Not to worry, I thought. I will just email my bank. I joined First Direct because I could do everything online, so no worries.

I needed to call. Sigh… Oh well, I’ll ask my other half to interpret for me. But the first call didn’t last very long. Because for “data protection reasons”, the bank refused to take the call. I was furious. I happen to know for a fact that the Data Protection Act allows for some flexibility. But, more importantly, what about the Equality Act? What about the legal requirement to make reasonable adjustments and to show flexibility in order to meet the needs of disabled people? The bank was ill-advised to try and play legal top trumps with me, an ex-civil servant and now a campaigns officer. My fury went unabated…

The 2nd call was slightly more successful… but only after some rather terse exchanges and being left on hold for a rather long time.

The experience left me angry for 2 reasons. First, the lack of flexibility and dismal awareness of the concept of reasonable adjustments. Second, the lack of facility by which deaf people could contact the bank urgently through other means – online chat, SMS, all those fancy bits of technology that like everyone uses these days, especially deaf young people. It’s hard enough for young people to learn about finances, banking, etc. Banks don’t exactly seem to help matters for deaf young people.

A very frustrating experience. First Direct… what a load of bankers.

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Research on access to telephony services

Posted by Ian Noon on September 30, 2010

Last night, I took part in an online focus group discussion about telephony services for some research being done for Ofcom. It was great fun. I would have done it for free, and they gave me £35 for taking part. Chocolate digestives all around!

I was asked lots of questions on what I wanted from telephony services and what I thought about text relay services, where a woman from Liverpool (where the service is based) reads out what I type on a textphone to the hearing person and then types back their reply. I gave my usual spiel that I only used text relay when I absolutely had to: that it was impersonal, took ages to make a phone call and that I hated having someone else speaking for me. It almost feels like having your Mum making phone calls for you. No wonder that so few deaf children and young people seem to use it.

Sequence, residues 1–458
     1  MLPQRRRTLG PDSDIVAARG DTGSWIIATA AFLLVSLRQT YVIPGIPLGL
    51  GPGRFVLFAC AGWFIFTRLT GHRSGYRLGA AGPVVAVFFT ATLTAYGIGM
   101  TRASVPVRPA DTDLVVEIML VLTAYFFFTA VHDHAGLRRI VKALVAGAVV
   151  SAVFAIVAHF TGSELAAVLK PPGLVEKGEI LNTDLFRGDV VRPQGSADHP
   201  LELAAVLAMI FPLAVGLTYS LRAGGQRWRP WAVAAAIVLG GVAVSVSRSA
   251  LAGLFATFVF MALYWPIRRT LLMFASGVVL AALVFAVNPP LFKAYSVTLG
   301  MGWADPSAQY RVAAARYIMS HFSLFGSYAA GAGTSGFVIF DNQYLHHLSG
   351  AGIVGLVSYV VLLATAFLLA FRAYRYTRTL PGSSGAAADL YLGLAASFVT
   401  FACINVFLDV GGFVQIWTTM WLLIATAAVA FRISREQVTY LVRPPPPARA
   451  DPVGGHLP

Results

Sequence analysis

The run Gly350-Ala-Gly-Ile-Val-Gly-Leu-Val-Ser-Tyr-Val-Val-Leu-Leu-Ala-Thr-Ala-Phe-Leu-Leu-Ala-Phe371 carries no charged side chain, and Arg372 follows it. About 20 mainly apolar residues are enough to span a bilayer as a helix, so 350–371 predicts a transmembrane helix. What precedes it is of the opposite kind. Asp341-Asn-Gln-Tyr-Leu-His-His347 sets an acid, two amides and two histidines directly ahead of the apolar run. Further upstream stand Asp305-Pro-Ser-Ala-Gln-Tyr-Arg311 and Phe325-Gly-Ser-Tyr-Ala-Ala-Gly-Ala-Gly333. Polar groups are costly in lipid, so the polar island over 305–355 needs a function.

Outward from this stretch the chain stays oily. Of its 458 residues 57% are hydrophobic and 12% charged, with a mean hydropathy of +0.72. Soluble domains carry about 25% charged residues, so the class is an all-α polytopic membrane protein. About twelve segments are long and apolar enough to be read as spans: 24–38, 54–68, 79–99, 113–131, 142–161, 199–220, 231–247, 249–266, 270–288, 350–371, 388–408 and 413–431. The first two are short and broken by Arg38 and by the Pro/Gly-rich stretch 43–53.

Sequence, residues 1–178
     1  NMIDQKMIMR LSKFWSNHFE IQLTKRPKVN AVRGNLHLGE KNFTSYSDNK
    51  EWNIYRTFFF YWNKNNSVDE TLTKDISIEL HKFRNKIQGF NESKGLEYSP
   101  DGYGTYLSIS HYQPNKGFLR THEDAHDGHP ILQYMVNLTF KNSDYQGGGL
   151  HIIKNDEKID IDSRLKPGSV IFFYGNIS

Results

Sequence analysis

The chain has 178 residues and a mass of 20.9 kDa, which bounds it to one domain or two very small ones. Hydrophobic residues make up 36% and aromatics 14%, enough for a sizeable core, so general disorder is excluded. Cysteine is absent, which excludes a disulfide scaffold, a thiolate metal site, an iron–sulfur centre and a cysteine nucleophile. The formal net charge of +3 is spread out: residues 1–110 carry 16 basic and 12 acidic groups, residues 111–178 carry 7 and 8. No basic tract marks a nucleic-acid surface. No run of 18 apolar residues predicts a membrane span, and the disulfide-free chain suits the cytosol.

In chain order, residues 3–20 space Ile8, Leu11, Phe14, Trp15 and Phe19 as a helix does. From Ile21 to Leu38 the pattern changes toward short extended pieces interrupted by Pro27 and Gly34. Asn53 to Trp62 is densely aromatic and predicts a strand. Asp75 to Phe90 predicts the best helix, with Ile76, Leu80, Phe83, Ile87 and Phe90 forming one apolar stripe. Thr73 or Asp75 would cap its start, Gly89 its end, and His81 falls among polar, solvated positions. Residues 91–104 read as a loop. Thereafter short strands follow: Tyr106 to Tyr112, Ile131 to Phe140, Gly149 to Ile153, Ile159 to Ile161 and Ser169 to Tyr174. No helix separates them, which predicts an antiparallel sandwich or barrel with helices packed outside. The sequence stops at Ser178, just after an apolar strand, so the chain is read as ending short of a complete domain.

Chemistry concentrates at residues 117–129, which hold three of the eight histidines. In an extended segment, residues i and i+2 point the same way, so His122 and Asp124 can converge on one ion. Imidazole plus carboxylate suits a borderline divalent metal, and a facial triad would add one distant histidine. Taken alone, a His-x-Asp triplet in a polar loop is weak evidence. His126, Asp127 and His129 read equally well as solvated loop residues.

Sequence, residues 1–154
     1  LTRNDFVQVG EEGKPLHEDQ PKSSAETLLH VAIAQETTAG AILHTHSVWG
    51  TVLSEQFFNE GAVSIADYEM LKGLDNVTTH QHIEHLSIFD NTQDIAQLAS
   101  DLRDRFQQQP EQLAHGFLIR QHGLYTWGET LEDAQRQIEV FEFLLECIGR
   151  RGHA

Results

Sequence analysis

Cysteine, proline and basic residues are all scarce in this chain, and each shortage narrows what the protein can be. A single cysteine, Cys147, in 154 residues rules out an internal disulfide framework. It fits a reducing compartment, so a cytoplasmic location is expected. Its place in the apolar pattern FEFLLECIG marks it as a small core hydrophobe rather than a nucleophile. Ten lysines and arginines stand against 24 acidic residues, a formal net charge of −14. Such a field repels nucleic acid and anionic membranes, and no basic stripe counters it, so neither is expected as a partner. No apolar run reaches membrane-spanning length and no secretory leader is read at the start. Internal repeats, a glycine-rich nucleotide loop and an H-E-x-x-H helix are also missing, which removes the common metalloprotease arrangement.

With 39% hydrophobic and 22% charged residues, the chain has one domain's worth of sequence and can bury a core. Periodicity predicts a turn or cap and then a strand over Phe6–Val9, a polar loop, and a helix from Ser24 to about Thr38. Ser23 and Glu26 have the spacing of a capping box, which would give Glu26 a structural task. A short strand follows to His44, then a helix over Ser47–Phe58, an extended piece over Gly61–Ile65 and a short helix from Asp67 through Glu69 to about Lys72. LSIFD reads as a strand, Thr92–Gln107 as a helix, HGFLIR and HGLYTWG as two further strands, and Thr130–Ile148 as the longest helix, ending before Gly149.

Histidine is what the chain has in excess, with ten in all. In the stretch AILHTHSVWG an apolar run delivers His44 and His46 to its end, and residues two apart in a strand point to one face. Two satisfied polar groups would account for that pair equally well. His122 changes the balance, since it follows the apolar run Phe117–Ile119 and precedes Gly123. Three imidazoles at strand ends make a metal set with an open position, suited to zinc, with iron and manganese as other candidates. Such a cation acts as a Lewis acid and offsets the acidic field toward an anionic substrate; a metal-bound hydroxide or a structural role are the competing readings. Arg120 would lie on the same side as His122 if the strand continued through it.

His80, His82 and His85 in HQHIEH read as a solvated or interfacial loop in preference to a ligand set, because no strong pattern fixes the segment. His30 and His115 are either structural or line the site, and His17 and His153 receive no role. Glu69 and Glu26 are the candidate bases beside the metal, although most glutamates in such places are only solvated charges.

Interestingly, I was then asked about what I thought about other technologies, such as video relay and captioned relay. Captioned relay would mean that I could speak for myself but that an operator would listen in and transcribe the conversation on my computer screen through the magic of the internet. It’s already readily available in the USA and Australia. It would be perfect for me and I would be phoning everyone up all the time if it was available here. I would be far better able to campaign for deaf children; I’d be on direct dial to the Houses of Parliament! So I felt encouraged that the researchers were sounding out people’s views on this and looking at other options. It’s on the agenda, which is a start.

Fingers crossed that the research finally leads to some positive change in the UK and that Ofcom act on it. It’s the 21st century: deaf children and adults shouldn’t be stuck with poor telephony services that don’t meet our needs.

The research are apparently still looking for people to take part – their website has more details. And my friend Tina does a lot of campaigning on this, as you can see from her blog, as do the Telecommunications Action Group (TAG).

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X Factor: looking for pig talent

Posted by Ian Noon on August 23, 2010

This could be interesting, I thought, as I sat down for my Saturday evening viewing. Pigs battling it out, a kind of “Porkie’s Got Talent” and a plethora of terrible bacon-related puns from Dermot?

Alas, it was one of many subtitling errors on Saturday’s opening to the new series. I think they meant to say “big talent”?

Yes, the X Factor is back. Which means the return of tone-deaf singers, lots of shouting from Dermot, fashion wars between Dannii and Cheryl and TRULY AWFUL subtitles.

Every year, it gets worse. Numerous typos and subtitles so out of sync with what’s being said that I only get the lame jokes around 5 minutes later. I could kind of forgive it for the live shows (though BBC news manage to at least appear to be trying to match the speech with the subtitles) but even on non-live shows, the subtitles on the X Factor are among the worse I’ve seen on any programme.

Is there some assumption at ITV that they don’t need to bother with decent subtitles because deaf people don’t listen to music? If so, then this is a pretty idiotic and offensive assumption to make. Lots of deaf children and young people watch and enjoy the X Factor. It’s unacceptable they don’t have equal access to what is one of ITV’s most popular shows.

I’ve emailed them to complain – if you want to do the same, the email address is I’ll keep a keen eye out for any more errors in coming weeks.